Breaks, Momming, Blogging

Ironically, I didn’t go so far between posting back when I was far busier. The problem is that, last year, I made a goal that never saw fruition: to be nominated for my friends’ Blogger’s Bash. So, I wrote every day. I posted tips, quotes, advice, etc.

And, I spent the sleepless days and nights in nauseated discomfort from being pregnant.

Still, the blog looked good. And, on the plus side, I was able to proudly display my every-day-writingness for things like applying for a writing job (that fell through), and applying for more recent jobs (those also fell through).

What does that leave me with?

A baby -well, nearly a toddler. Today, as I put clothes into my dresser that he pulled out again, I realized where daily-bloggingness had gone: right where all the socks and underpants were now going. Even while I was pregnant and busy, my children were older. When they slept, they slept (mostly). When I wanted a break, I could do things like send them outside or put on a Minecraft video.

So, I’m not sure where this mom blog will go. Perhaps, like with the children, it will see occasional nourishment and care*. Perhaps I’ll try scheduling poems again. Or, perhaps I’ll pop in now and then to feel guilty that, again like with the children, I’m just not telling the blog I love it enough*.

For those loyal, wonderful, amazing, beautiful, handsome, intelligent people still following, thank you. You are all of the previously-listed attributes and more.

Photo by Anastasia Shuraeva on Pexels.com

©2020 Chel Owens

*Joking.
*Still joking.

Pinterest Mom or Sane Parent?

Not too long ago, I had a side job. It entailed scouring the internet for pictures of birthday parties, home décor, and craft how-to’s; stealing copying those pictures; and writing about them using keywords and sponsored links.

Before I had that job, I didn’t have a Pinterest account. I didn’t have an Instagram account. And, honestly, I didn’t even have a blogging account.

Before The Job I planned birthday parties for the sole intent of celebrating someone’s birth. I had little that was superfluous for decorating. And I hadn’t ever made a cardboard tombstone or flocked a Christmas tree.

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After nine months of writing the articles, therefore, I knew a lot more about the back-alley world of Pinterest. I knew that there were at least “11 Classroom Games for Room Mothers,” that I could look up “10 Minecraft Party Ideas,” and that there were “12 Ways to Pumpkin-Up Your Porch.” (That last title was my idea.)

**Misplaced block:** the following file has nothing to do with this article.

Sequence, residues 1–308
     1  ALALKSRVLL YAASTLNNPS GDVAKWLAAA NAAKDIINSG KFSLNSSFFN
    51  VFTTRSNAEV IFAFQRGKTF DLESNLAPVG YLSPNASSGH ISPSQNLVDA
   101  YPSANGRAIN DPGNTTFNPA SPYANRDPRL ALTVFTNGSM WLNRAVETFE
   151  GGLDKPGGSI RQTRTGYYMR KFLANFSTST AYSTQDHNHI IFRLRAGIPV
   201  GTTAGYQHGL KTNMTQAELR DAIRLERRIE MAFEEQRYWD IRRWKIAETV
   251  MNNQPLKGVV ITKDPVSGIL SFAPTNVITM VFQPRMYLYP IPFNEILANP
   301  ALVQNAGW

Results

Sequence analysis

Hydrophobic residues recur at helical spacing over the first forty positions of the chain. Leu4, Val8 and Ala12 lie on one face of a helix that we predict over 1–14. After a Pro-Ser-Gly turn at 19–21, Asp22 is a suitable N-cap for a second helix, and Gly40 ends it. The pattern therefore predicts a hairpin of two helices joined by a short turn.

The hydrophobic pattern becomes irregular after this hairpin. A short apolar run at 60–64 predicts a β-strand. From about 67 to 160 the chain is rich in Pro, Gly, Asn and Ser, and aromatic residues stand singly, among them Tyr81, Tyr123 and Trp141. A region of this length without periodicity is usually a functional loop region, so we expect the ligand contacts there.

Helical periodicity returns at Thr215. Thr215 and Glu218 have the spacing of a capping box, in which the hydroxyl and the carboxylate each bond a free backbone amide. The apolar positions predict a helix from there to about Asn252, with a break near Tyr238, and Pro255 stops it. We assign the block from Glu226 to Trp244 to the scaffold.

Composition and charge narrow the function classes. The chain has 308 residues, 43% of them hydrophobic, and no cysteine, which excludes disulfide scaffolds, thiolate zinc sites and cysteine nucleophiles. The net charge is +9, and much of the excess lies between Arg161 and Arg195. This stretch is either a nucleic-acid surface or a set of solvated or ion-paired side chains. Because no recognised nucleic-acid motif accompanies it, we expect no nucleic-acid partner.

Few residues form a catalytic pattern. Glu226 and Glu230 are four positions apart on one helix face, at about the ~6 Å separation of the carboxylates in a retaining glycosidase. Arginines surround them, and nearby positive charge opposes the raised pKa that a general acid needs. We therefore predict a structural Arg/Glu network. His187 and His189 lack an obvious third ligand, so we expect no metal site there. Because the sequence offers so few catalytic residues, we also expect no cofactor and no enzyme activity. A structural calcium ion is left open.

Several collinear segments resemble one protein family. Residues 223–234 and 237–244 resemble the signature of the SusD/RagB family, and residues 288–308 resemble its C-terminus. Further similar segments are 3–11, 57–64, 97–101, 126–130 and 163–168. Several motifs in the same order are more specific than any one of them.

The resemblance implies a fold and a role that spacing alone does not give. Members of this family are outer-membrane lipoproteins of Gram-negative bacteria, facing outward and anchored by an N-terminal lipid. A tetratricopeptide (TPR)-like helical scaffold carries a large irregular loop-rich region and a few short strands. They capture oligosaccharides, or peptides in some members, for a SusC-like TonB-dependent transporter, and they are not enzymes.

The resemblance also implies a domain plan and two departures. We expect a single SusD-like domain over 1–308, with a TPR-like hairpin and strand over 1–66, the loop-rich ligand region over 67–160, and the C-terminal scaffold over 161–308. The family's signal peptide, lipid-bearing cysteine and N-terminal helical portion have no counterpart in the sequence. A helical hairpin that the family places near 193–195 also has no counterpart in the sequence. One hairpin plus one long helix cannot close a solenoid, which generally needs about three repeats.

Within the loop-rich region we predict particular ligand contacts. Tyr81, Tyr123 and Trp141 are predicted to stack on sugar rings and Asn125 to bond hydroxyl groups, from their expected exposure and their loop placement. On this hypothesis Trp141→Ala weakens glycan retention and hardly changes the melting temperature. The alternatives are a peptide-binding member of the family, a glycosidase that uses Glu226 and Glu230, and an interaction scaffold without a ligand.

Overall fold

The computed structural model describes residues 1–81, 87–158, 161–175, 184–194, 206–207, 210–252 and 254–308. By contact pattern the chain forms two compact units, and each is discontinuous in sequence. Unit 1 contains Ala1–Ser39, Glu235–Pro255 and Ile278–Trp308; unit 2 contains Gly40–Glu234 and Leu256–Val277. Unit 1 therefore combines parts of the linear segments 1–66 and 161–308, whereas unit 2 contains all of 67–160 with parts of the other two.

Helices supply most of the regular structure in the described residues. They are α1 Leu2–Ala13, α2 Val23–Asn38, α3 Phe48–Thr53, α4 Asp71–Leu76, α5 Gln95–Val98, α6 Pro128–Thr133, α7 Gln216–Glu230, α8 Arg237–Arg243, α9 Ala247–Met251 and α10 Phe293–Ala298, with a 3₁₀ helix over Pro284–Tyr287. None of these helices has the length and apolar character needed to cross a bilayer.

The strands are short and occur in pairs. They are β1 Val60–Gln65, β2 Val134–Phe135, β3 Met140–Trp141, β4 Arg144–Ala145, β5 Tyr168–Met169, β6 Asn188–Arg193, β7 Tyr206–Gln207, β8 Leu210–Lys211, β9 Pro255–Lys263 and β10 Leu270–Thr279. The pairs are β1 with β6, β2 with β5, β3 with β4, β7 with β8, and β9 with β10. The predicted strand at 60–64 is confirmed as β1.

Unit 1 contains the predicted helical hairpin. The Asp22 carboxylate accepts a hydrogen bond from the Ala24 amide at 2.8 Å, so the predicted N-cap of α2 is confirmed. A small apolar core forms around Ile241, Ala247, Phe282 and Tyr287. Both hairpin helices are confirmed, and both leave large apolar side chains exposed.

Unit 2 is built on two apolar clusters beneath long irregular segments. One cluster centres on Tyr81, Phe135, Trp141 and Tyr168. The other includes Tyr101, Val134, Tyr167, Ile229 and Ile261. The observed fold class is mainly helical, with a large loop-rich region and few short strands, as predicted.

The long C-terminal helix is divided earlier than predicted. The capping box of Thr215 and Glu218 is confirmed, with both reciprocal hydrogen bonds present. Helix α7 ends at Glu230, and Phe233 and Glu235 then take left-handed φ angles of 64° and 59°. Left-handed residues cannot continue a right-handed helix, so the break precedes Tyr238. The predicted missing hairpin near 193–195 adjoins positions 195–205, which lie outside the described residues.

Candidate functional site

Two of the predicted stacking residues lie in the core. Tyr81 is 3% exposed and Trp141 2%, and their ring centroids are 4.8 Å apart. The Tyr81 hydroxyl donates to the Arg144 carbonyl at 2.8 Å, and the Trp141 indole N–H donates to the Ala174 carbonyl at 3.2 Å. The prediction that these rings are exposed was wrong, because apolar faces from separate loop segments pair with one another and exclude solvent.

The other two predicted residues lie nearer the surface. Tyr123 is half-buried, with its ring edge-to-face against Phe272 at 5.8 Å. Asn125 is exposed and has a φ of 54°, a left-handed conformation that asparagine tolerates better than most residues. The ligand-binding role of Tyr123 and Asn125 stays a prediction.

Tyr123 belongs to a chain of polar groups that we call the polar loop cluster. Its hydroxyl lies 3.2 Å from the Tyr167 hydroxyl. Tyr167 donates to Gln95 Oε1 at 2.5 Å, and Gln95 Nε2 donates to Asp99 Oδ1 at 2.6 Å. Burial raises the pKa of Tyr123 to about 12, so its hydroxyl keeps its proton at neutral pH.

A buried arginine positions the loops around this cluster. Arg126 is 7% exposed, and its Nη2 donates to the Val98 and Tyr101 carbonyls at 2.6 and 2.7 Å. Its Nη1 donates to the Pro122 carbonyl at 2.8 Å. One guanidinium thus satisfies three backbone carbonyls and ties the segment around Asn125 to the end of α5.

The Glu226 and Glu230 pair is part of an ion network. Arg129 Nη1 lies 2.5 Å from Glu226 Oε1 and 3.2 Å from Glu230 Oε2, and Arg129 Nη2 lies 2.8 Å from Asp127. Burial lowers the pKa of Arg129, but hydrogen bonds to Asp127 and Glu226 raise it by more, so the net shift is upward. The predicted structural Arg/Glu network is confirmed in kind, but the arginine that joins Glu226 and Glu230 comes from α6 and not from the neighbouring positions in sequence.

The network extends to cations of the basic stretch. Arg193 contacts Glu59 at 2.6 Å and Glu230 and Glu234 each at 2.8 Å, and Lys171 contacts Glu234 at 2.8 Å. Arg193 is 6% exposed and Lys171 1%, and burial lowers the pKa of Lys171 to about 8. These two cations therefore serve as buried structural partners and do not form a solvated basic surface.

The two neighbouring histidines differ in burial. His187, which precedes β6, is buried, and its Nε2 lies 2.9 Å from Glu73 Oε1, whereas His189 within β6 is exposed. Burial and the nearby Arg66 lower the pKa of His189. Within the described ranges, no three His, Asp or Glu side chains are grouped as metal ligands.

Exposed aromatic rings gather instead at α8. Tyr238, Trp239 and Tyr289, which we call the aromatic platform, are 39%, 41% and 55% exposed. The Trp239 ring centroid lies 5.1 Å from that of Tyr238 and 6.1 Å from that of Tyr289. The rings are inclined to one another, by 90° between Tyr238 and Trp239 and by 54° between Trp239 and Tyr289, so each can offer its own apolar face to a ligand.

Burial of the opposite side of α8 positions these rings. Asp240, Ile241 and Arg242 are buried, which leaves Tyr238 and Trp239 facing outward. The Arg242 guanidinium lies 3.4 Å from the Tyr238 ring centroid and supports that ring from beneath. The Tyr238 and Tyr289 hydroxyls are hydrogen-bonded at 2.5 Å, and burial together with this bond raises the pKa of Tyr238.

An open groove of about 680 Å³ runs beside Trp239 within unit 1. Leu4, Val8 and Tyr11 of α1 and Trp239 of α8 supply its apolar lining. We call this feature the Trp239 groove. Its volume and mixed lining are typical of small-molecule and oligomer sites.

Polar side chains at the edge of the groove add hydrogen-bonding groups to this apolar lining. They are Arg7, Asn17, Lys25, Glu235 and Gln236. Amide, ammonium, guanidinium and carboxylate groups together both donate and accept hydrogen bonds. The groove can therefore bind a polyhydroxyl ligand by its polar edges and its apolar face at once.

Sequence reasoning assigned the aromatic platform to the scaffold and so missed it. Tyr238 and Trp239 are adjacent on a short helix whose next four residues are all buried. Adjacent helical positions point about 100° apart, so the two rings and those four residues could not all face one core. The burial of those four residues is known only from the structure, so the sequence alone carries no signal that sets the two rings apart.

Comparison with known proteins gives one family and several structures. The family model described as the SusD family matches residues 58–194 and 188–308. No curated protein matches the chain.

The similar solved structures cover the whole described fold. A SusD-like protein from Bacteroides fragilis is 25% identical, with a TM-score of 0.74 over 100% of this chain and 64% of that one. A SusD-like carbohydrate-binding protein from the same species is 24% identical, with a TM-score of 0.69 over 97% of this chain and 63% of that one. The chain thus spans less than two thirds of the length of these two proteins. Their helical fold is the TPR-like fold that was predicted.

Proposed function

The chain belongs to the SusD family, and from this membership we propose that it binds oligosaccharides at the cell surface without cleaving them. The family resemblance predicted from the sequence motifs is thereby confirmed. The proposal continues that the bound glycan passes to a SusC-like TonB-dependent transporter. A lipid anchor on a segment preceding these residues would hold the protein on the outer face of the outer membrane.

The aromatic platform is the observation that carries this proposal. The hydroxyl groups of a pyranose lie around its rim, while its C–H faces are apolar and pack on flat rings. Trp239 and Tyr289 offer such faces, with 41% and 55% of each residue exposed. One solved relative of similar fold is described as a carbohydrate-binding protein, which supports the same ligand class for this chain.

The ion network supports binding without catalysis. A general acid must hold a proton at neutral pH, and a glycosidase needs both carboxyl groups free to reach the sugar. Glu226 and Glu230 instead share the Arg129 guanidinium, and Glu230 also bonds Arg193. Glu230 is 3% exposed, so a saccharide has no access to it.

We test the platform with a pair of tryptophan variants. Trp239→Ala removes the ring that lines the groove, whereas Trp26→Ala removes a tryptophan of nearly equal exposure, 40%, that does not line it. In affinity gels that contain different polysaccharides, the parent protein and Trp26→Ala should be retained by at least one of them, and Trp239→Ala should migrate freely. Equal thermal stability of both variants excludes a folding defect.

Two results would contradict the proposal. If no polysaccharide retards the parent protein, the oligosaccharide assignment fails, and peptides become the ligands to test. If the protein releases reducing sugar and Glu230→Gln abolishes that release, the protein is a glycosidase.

And I felt a bit disturbed.

Were all the moms out there really doing birthday parties like that, or houses?

What I’ve seen in real life confirms my fears. Joanna Gaines is all over magazines, Target, and my neighbors’ houses. Party favors, games, and backdrops for one-year-olds follow a coordinated theme. I scrolled through a thread on TwoFacebook recently about installing pallet board walls, headboards, or ceilings. Women in my area show up to parties in low boots, tight pants, front-tucked-in shirts, and long-curled hair; carrying magazine-ready plates of organic foods and centerpieces that would shame Martha Stewart -for an afternoon lunch.

Over-the-top, much?

I know how lovely a well-planned party looks; how much creativity cred a mom can get from other moms for sticking to a theme. I’ve seen the white sitting rooms, silver candlesticks, and fur rugs that make a house look like a family never even breathed in it.

Yes; it’s a nice look.

No; it’s not worth it.

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Why? Because we have to live in a house. We have to raise our children to be balanced and not assume perfection. We need to be present more than give lots of presents. It is possible.

The reason I have a birthday party is not to show off.

The reason I decorate my house is so the kids can look forward to a holiday and so the house itself feels dressier.

The reason I run through a how-to is so that I can get the battery changed in the car without electrocuting myself. If I read a crafting walkthrough, it’s so that I can make an awesomely scary ghost with the kids.

Parents have enough on their plates without worrying about plating the food. They have enough mess to clean without trying to get handprints onto paper plates or shiplap onto walls. Do we really need to make parenting more difficult?

No.

So, don’t feel guilty with a Wal-mart cake and singing. Don’t sigh over mismatched furniture. Don’t worry that you can’t make an American flag out of a pallet.

You just might be human. Plus, your little humans will learn to be reasonable, too.

 

Photo Credits:
Photo by Patricia Prudente on Unsplash
Photo by Niklas Hamann on Unsplash
Photo by Hedy Yin on Unsplash